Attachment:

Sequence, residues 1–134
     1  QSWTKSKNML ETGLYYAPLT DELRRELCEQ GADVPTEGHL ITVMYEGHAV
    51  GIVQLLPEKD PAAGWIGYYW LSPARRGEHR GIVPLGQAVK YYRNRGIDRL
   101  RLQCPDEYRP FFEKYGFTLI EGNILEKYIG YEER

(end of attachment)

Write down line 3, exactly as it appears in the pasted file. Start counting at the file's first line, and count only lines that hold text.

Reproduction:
    51  GIVQLLPEKD PAAGWIGYYW LSPARRGEHR GIVPLGQAVK YYRNRGIDRL